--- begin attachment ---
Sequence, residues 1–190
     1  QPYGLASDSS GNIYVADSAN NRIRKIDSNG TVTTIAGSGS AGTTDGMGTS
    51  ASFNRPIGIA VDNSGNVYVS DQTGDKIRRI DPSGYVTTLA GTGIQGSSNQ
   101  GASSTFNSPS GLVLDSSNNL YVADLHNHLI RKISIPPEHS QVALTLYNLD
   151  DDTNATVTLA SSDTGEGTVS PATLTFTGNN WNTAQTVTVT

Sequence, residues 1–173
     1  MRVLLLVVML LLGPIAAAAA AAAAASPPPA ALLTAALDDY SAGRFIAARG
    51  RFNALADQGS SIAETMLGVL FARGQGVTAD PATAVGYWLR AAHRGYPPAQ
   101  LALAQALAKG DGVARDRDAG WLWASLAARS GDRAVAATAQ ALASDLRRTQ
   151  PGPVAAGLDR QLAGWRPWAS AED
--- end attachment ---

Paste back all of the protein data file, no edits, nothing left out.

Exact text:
Sequence, residues 1–190
     1  QPYGLASDSS GNIYVADSAN NRIRKIDSNG TVTTIAGSGS AGTTDGMGTS
    51  ASFNRPIGIA VDNSGNVYVS DQTGDKIRRI DPSGYVTTLA GTGIQGSSNQ
   101  GASSTFNSPS GLVLDSSNNL YVADLHNHLI RKISIPPEHS QVALTLYNLD
   151  DDTNATVTLA SSDTGEGTVS PATLTFTGNN WNTAQTVTVT

Sequence, residues 1–173
     1  MRVLLLVVML LLGPIAAAAA AAAAASPPPA ALLTAALDDY SAGRFIAARG
    51  RFNALADQGS SIAETMLGVL FARGQGVTAD PATAVGYWLR AAHRGYPPAQ
   101  LALAQALAKG DGVARDRDAG WLWASLAARS GDRAVAATAQ ALASDLRRTQ
   151  PGPVAAGLDR QLAGWRPWAS AED